At MER Conference, and the Smithosonian again.

I’m at the Managing Electronic Records Conference in Chicago, again volunteering as a student. I’m tired, but it’s been a good experience. One interesting thing to note is that it looks like the commercial and legal communities are going to be paying more attention to authenticity in the digital environment.

Peter Hirtle has a post up at Library Law about the recent actions of To make a long story short, the group took the photos that they believe are in the public domain, ignored Smithsonian’s notices that they controlled the images, and are making them available to the public. Hirtle is a known proponent of open access to public domain works and has commented on archival issues with copyrighted material in the past (also linked from his post), and although he is somewhat sympathetic to the group’s arguments he thinks they crossed the line. I’m not so certain that what they did was illegal in all circumstances- I’ve read the policy, but I think that the idea that merely stating “By doing X you agree to Y” is just as ridiculous as anything else out there- but Hirtle also points out that we don’t know if all of those works are actually in the public domain. At any rate, the whole terms of use, EULA, and other contract and licensing restrictions in a digital world are in bad need of evaluation and possible reform, in my humble opinion.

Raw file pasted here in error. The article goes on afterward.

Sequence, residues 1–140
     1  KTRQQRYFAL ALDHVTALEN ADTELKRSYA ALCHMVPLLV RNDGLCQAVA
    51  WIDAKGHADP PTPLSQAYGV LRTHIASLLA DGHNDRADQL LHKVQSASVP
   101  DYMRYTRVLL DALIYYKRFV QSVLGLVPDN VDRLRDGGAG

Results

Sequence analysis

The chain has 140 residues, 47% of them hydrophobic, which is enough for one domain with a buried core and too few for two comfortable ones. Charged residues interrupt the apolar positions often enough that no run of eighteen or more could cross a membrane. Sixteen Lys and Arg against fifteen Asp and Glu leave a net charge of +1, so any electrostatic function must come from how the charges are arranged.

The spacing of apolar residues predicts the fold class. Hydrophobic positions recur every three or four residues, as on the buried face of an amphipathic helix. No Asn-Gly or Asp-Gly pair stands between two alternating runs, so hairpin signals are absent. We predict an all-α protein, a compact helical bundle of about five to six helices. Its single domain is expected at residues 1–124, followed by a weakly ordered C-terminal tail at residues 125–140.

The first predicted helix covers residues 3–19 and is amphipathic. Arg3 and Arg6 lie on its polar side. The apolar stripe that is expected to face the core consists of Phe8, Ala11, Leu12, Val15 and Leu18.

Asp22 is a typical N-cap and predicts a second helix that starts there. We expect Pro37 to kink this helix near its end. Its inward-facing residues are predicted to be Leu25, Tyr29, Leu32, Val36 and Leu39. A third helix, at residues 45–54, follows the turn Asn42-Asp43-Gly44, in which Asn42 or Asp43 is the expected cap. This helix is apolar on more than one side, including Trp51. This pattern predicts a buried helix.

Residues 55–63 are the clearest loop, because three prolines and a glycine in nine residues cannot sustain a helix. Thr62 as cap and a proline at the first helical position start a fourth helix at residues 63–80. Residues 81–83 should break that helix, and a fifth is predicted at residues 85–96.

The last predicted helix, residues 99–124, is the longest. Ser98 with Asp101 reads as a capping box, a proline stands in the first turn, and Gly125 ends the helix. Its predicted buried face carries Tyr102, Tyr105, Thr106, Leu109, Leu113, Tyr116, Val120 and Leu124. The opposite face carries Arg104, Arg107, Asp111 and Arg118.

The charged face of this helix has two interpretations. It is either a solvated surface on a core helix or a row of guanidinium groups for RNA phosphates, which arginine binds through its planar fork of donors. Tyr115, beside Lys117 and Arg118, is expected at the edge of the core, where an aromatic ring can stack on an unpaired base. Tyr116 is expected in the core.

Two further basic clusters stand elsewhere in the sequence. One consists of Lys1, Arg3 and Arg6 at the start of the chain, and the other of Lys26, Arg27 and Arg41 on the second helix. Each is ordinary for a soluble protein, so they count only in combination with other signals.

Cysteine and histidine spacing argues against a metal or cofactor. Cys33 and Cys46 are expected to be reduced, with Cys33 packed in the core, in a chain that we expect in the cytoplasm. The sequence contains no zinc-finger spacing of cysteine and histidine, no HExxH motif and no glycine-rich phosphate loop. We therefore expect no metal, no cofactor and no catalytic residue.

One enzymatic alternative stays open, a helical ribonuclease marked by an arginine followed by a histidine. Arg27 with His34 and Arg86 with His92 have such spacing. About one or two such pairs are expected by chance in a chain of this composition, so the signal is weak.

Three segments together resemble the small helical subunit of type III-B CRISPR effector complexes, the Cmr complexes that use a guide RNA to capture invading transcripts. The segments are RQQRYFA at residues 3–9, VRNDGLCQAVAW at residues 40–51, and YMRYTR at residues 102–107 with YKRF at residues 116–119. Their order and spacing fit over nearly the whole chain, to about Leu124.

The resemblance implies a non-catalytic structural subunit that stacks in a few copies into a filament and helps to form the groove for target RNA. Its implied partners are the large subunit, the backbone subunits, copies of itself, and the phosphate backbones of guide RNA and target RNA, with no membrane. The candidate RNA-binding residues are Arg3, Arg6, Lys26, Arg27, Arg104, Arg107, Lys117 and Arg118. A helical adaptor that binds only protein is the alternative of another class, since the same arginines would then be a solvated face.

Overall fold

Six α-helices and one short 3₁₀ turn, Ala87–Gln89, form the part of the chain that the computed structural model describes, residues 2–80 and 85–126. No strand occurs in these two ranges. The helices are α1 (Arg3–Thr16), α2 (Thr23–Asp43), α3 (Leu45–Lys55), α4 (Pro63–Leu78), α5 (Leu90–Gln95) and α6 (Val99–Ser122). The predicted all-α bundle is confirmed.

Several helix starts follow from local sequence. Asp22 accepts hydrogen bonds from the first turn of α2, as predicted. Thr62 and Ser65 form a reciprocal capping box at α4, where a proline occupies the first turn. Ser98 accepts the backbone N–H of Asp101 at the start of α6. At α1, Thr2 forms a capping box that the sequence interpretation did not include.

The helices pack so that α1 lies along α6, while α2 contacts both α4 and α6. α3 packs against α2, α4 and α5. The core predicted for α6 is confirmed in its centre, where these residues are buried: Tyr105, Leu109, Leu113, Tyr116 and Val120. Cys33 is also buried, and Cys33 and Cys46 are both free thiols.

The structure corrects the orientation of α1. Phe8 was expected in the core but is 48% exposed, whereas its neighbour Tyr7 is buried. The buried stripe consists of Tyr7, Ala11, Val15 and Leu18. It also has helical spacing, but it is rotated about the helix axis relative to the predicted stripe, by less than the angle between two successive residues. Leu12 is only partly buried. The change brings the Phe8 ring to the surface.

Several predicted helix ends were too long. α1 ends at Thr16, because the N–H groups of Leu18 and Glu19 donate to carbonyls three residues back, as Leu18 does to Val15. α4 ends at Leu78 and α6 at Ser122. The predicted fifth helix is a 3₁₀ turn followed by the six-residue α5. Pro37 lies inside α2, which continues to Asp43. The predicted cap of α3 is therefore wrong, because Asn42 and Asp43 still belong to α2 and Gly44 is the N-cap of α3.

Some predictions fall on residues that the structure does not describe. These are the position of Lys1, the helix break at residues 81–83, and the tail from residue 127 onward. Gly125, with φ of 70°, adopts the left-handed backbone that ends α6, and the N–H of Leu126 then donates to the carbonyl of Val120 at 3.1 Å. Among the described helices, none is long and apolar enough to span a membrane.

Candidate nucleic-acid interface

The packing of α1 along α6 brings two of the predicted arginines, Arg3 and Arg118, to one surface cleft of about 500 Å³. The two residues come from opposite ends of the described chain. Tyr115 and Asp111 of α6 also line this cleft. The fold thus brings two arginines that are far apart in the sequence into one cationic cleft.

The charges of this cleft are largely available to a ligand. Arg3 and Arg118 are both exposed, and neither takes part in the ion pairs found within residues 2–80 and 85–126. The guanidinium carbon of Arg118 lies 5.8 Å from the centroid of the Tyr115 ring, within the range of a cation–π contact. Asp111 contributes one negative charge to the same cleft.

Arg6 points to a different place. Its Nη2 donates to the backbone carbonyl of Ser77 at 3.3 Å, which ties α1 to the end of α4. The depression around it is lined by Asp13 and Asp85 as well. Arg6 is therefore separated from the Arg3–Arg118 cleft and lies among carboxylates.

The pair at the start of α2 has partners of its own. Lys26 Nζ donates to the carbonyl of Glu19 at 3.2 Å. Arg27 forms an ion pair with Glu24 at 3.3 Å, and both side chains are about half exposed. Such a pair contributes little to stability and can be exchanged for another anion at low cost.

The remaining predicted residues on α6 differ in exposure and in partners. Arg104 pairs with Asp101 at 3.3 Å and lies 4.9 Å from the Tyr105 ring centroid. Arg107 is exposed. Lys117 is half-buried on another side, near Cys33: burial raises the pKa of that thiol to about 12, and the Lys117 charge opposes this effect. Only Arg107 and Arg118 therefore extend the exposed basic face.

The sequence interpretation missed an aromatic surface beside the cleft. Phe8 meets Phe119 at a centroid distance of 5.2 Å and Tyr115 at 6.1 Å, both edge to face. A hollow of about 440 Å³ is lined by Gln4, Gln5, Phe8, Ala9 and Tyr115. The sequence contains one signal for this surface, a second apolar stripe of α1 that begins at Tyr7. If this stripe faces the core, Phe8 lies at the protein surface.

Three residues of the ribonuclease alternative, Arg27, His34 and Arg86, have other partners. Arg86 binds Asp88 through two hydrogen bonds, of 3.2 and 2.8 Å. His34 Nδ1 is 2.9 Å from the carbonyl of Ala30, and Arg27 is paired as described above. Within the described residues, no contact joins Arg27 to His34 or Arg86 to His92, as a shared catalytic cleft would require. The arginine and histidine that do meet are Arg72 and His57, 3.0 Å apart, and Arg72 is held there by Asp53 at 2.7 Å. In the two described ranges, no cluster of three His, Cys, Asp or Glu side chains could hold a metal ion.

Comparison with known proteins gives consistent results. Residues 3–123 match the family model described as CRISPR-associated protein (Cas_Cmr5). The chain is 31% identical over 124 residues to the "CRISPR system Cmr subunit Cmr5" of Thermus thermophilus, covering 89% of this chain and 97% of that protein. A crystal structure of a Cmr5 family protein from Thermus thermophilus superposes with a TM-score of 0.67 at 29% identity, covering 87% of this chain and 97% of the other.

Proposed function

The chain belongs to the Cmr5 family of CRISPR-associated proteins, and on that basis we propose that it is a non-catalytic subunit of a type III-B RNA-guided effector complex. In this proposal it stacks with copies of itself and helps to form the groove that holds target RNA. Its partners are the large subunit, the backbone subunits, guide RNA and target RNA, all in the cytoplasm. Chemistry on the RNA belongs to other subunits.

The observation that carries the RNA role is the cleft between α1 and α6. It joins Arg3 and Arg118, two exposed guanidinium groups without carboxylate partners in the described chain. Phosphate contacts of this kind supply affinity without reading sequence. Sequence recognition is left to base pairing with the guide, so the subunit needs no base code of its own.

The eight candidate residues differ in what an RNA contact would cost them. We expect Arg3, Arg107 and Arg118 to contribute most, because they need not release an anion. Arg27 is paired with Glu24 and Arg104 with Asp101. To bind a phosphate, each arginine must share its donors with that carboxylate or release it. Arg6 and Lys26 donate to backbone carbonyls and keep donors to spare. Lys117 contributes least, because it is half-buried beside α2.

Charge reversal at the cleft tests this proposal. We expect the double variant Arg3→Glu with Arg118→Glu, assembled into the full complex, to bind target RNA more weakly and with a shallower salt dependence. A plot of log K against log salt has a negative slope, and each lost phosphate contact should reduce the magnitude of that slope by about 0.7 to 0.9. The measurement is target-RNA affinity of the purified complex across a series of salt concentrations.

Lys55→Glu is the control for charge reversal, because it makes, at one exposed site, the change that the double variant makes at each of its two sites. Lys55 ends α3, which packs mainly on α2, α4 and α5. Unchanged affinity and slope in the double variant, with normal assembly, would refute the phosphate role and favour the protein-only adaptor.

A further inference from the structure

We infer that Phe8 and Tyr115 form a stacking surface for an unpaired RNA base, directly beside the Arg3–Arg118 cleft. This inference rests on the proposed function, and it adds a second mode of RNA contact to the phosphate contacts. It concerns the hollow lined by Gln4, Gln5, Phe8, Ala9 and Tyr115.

Later I’ll try to write more about some of the problems archives and museums, in particular, face with this type of attempted control.

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